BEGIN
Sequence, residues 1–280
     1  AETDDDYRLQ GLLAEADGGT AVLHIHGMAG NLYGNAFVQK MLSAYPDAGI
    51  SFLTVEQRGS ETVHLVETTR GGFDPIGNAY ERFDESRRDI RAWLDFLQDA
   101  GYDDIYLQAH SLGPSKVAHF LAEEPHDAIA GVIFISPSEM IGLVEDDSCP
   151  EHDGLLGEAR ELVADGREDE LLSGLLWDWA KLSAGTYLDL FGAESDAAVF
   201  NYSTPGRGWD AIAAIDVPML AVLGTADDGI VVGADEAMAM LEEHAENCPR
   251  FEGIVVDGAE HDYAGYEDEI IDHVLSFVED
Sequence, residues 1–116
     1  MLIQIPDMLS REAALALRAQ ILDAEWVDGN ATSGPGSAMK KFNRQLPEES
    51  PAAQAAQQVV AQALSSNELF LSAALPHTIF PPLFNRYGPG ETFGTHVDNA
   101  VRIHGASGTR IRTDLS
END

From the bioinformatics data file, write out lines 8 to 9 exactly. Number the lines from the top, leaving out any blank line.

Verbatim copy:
Sequence, residues 1–116
     1  MLIQIPDMLS REAALALRAQ ILDAEWVDGN ATSGPGSAMK KFNRQLPEES